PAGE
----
Typhoon Bart (1999)

Typhoon Bart, known in the Philippines as Typhoon Oniang, was a powerful and destructive typhoon that occurred during the 1999 Pacific typhoon season. It was the only super typhoon of that year. Typhoon Bart reached "super typhoon" status on September 22, when it grew to comprise winds containing a force of 260 km/h (160 mph).

Super Typhoon Bart claimed at least two lives on the island of Okinawa and brought over 710 millimetres (28 in) of rain to the island. Kadena Air Base was badly damaged by the typhoon, with over $5 million of damage sustained by the base. Heavy flooding and landslides led to a death toll of 30 and over 1,000 injuries in Japan. Over 800,000 homes lost power, whilst 80 000 were damaged in the aftermath of the storm. The worst damage occurred in Kumamoto Prefecture on the island of Kyūshū, where 16 people died and over 45,000 homes were damaged.

Typhoon Bart (Oniang)
Typhoon (JMA scale)
Category 5 super typhoon (SSHWS)
Bart 1999-09-22 0705Z
Typhoon Bart at peak intensity over the Ryukyu Islands on September 22
FormedSeptember 17, 1999
DissipatedSeptember 30, 1999
(Extratropical after September 25, 1999)
Highest winds10-minute sustained: 165 km/h (105 mph)
1-minute sustained: 260 km/h (160 mph)
Lowest pressure930 hPa (mbar); 27.46 inHg
Fatalities36 total
Damage$5.75 billion (1999 USD)
Areas affectedTaiwan, Ryukyu Islands, Japan, South Korea, North Korea, Russia
Part of the 1999 Pacific typhoon season

Meteorological history

Bart 1999 track
Map plotting the track and the intensity of the storm, according to the Saffir–Simpson scale

Tropical Depression 24-W developed midday on September 17, to the east of Taiwan. JTWC and JMA both initiated tropical depression warnings on the developing low. The depression initially remained quasi-stationary in weak steering currents while located about 400 mi (640 km) east-northeast of northern Luzon. The development of this system was hindered somewhat due to northwest wind shear. This kept the center exposed from the deep convection. Around 1200 UTC on September 18, there were signs that the shear was beginning to lessen a bit, and by 1800 UTC, a tropical upper tropospheric trough (TUTT) was far enough west to lead to more favorable conditions for strengthening and JTWC upgraded the depression to Tropical Storm Bart early the next day.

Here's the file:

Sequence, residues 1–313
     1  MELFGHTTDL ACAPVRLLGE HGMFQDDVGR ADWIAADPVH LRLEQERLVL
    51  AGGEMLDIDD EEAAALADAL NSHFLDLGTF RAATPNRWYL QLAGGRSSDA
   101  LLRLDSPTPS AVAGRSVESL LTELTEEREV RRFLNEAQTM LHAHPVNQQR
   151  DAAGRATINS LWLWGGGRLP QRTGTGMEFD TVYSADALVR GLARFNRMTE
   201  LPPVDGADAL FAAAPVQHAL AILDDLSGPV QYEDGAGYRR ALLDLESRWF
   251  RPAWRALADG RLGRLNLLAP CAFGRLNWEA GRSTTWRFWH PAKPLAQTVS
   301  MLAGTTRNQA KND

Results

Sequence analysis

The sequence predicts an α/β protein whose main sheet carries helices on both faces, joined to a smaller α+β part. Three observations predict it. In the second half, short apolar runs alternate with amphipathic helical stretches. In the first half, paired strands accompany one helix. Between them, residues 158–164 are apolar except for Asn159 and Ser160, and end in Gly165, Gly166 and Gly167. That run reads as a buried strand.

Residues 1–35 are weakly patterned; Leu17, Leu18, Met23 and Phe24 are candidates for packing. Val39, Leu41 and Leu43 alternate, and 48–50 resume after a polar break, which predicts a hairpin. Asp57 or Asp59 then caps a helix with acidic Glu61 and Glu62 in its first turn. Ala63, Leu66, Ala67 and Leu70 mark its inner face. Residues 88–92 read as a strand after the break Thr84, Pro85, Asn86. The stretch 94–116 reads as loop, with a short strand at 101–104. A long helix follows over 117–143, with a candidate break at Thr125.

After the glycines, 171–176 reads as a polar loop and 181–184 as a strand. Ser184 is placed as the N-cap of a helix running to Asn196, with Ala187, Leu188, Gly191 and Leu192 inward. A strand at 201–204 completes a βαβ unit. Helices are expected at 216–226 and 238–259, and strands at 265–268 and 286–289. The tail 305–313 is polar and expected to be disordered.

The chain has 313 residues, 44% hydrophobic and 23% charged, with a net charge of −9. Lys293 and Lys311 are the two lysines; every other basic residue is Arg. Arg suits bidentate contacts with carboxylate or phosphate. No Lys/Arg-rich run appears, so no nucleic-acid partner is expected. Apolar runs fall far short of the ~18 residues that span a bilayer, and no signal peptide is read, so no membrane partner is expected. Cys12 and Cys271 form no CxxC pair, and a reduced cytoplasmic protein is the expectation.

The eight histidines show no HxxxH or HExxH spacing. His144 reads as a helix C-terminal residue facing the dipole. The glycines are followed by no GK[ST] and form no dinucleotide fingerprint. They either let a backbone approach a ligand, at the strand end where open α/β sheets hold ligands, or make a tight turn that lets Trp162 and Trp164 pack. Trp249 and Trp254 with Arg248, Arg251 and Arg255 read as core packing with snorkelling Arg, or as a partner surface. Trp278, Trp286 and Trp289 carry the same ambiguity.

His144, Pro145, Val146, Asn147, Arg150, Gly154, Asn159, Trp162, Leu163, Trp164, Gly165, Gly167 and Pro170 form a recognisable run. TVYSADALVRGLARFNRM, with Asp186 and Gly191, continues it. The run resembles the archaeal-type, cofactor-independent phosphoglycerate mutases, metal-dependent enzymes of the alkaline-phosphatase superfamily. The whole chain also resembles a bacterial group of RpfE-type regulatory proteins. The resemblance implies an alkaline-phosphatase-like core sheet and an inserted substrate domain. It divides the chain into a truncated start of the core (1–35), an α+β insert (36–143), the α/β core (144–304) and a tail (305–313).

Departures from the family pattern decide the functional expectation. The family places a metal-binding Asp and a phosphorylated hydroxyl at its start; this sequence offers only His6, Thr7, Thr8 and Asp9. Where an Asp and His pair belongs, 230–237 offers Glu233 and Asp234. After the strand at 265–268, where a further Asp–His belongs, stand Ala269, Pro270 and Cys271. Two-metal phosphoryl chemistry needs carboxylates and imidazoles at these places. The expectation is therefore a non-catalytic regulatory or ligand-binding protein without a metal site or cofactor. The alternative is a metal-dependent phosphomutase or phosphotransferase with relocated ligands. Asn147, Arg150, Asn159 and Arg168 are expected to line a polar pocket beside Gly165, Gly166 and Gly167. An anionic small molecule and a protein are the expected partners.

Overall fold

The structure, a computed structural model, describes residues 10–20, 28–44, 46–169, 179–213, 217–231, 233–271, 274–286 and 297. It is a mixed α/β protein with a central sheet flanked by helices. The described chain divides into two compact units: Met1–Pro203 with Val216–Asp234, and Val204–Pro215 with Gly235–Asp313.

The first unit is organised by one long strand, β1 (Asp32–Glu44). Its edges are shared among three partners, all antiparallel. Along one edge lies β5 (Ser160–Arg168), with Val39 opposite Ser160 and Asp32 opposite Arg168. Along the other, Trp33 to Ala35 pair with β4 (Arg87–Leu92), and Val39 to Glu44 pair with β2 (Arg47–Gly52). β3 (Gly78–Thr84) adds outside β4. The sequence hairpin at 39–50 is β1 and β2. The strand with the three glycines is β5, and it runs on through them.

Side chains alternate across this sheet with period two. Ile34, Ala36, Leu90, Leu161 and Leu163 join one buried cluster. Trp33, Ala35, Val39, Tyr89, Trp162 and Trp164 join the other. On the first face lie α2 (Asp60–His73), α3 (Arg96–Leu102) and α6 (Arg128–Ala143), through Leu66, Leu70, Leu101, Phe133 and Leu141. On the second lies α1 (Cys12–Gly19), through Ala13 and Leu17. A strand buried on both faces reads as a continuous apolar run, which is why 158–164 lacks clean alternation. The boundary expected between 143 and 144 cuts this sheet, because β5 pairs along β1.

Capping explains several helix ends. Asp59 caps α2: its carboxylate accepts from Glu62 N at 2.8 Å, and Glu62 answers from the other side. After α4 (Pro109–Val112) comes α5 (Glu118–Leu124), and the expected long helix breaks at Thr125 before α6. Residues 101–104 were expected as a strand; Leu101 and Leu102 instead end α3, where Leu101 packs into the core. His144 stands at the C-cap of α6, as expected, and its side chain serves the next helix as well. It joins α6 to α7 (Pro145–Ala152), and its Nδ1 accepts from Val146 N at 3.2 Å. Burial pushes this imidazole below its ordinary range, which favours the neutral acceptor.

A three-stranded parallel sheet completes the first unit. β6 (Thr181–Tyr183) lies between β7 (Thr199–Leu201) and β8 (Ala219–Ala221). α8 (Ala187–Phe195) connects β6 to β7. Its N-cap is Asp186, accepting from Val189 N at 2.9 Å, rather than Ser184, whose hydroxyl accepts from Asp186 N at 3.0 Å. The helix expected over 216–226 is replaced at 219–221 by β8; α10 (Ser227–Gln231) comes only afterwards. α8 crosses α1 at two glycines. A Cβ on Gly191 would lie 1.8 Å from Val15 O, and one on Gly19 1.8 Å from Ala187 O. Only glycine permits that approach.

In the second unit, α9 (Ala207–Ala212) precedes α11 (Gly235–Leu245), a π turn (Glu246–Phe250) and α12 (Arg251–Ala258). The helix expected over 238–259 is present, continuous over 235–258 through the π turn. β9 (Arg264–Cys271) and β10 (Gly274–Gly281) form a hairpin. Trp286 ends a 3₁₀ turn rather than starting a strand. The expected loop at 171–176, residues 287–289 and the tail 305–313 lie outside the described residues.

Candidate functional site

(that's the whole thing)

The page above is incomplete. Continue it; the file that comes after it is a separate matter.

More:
A Tropical Rainfall Measurement Mission (TRMM) pass indicated deep convection extending northwest through southwest around the vortex with two developing low-level cloud bands to the north. Bart intensified further as it turned to the northeast under the influence of upper-level winds. By the morning hours of September 20, Bart had developed better defined banding features and a well-defined eye, the cyclone reached typhoon status. Due to the weakening of a subtropical ridge to the north, the typhoon's motion nearly stalled. Passing 75 kilometres (47 mi) southwest of Okinawa, Bart became an intense typhoon on September 21.

Typhoon Bart reached its peak on September 22 with 260 km/h (160 mph) winds when it passed 75 km (47 mi) to the west of the island, becoming the only Super Typhoon during 1999. Bart began to weaken slowly as it continued north towards Kyūshū, Japan, which it struck on September 23 with 185 kilometres (115 mi) winds. After crossing Kyūshū and westernmost Honshū the storm accelerated to the northeast in the Sea of Japan, becoming an extratropical cyclone shortly before it reached northern Hokkaidō.[1][2]

As Typhoon Bart formed in the Philippine Atmospheric, Geophysical and Astronomical Services Administration (PAGASA)'s area of responsibility, it was named "Oniang" by PAGASA before it moved to the north.